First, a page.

The Island

A prime objective of the Borneo trip was to breathe in enough fresh sea air to pinken our metropolitan lungs. After a long icy night bus ride from Kota Kinabalu, we arrived in the port town of Semporna. From there, it's only a short boat trip to Pulau Mabul, a tiny island in the Celebes Sea.

Mabul and Sipadan, a sister island a kilometre away, are rated as one of the world's best dive sites. Now it should be no surprise that we prairie folk who can barely swim have never had any desire to enter the unknown world under the sea. We did, however, have the great fortune to meet Kelly, Australian divemaster and fantastic teacher, who persuaded us to take the introductory PADI course. We liked it so much we dived two more times, and saw a school of barracuda, giant grouper, crocodile fish, trumpet fish, and the coup de grace, giant sea turtles.

After diving, we spent the rest of our time on Mabul snorkelling, sitting on the beach, and enjoying cold beer as the sun set with a host of colourful characters from all over the world.


Small house with ocean view

Drawing on the experience of stretching our Kyoto trip into two months of blog posts, here's the first of many photos of Borneo. Before we left, we had high hopes of soaking up the sun, lounging in the sand, swimming with turtles, frolicking with orangutans, hiking in the National Parks, meeting interesting people, and eating fantastic food. All we anticipated came to fruition, and there's photographic evidence of much of it, so prepare yourselves...


Off the grid

The classroom has been cleaned, farewells to colleagues have been said, and the kiddies have been sent home to torture their parents for the summer. This time tomorrow will see Deanna and I lolling about Tanjung Aru beach near Kota Kinabalu. With no specific plans, just some general notions of hiking random jungle trails and relaxing on whatever bits of white sand we can find, we look forward to three weeks in Borneo.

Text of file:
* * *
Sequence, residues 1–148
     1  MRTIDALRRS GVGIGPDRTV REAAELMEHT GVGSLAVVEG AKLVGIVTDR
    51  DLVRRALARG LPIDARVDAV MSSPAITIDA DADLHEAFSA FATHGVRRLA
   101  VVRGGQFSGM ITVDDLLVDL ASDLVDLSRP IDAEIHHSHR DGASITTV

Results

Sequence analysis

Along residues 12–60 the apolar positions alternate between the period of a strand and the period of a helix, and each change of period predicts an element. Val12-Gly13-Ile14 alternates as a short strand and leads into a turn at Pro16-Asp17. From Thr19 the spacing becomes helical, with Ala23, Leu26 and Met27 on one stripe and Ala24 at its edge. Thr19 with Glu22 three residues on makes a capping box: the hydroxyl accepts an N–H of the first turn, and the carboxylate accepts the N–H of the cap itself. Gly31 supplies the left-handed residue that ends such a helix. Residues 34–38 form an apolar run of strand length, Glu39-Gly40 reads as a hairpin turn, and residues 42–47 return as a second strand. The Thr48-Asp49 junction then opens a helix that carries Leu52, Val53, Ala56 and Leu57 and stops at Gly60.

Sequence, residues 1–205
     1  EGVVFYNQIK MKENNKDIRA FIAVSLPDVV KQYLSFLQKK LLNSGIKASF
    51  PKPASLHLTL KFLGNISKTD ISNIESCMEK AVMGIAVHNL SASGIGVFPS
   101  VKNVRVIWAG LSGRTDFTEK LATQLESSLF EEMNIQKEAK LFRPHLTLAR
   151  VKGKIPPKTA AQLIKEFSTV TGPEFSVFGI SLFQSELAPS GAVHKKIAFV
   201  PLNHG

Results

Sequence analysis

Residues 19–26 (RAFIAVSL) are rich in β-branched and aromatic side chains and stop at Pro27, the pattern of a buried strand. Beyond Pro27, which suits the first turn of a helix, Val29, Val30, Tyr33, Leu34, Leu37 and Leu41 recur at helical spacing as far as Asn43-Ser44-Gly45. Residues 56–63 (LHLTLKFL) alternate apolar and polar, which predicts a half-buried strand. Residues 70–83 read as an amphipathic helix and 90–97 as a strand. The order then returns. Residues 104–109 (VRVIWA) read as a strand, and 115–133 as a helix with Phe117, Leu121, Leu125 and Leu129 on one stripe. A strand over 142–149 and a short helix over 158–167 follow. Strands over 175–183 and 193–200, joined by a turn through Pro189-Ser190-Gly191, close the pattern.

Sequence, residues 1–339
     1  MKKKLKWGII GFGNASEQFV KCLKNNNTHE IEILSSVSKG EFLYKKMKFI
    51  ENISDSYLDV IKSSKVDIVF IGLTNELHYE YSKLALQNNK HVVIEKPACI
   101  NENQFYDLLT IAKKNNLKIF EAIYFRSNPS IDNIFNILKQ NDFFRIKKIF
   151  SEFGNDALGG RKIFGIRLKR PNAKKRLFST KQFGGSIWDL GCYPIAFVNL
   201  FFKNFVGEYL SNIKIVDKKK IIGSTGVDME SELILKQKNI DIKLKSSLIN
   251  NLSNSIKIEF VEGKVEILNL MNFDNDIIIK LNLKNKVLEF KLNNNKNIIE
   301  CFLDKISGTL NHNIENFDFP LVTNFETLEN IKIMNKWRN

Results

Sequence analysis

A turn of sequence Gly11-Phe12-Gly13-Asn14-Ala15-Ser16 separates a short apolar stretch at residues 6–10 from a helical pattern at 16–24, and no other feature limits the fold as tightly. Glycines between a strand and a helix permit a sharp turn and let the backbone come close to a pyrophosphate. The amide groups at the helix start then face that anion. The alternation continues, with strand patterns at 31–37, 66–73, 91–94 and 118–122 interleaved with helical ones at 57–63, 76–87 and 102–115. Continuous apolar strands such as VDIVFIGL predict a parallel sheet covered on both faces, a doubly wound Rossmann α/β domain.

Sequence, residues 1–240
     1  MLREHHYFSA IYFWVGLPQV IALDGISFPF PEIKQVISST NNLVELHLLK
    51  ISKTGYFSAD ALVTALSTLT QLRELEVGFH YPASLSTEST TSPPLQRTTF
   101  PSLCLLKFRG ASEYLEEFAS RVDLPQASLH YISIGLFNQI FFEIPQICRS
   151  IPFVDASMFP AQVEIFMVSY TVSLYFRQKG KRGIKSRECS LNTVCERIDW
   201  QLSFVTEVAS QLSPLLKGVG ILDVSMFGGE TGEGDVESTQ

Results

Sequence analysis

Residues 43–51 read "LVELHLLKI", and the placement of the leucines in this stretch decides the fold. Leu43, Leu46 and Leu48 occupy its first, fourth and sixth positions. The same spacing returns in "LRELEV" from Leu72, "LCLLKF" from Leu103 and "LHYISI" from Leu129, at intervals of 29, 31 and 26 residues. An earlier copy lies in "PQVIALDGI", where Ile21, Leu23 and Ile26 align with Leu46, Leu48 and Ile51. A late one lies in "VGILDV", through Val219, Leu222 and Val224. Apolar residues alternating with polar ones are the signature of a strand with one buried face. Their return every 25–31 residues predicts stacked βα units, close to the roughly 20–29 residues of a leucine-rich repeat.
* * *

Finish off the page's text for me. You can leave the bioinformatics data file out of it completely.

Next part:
Moving on

It's the end of an era at Rainbow School, as McCord (seen here, three up on the right from the guy in the middle paying no heed to the standard 3..2..1..Kimchi photo call) is moving on to new challenges. Rainbow will miss her greatly, and wherever she lands will be darn lucky to have her.

This farewell dinner at an ersatz Thai restaurant close to the school also served as a de facto year-end party, as we mosey today into eight weeks of studentlessness.


Rainy Day Reading

Well, I guess our perfect summer weather couldn't last, and when it went, it happened in an instant. I was wandering the city, as I do when I'm on holidays and on my own, when the sky grew dark and a thunderstorm of near-epic proportion blew through town. As I was without an umbrella (which would have proved useless anyway in the torrential downpour that followed), I took refuge in a bakery/coffee shop. Luckily, I had with me a copy of David Ebershoff's The 19th Wife, the story of Ann Eliza, one of Brigham Young's many wives. The early history of the Mormon church and Ann Eliza's story is intertwined with a contemporary murder mystery on a compound in Utah. For some reason, reading about polygamist Mormons is one of my favourite kinds of subcultural rubbernecking. If the fascination is mutual, I recommend the Ebershoff novel, Jon Krakauer's Under the Banner of Heaven, or if you don't feel like reading, a few episodes of Big Love.


Outdoor Yoga

Six months ago, a group of my colleagues and I started practicing yoga two or three times a week after school. Our usual space is a classroom at our school, but in celebration of summer we decided to head outside. A green, shady, secluded park proved to be a perfect locale for our sun salutations and warrior poses, and Rod's apartment proved to be the perfect place for chickpea curry and salad after we finished.